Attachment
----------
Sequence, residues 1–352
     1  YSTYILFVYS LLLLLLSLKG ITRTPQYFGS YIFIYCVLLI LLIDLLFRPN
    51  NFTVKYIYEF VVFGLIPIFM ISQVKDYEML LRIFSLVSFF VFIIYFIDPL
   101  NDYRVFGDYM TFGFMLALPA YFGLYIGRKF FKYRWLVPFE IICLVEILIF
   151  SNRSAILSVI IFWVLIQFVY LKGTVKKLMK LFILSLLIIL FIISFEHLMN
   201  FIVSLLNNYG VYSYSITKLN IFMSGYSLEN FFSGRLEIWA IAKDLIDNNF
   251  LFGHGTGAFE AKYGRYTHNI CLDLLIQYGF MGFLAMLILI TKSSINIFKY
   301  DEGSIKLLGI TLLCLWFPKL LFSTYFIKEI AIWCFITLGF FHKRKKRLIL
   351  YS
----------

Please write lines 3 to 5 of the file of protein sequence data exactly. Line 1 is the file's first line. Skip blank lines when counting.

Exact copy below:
    51  NFTVKYIYEF VVFGLIPIFM ISQVKDYEML LRIFSLVSFF VFIIYFIDPL
   101  NDYRVFGDYM TFGFMLALPA YFGLYIGRKF FKYRWLVPFE IICLVEILIF
   151  SNRSAILSVI IFWVLIQFVY LKGTVKKLMK LFILSLLIIL FIISFEHLMN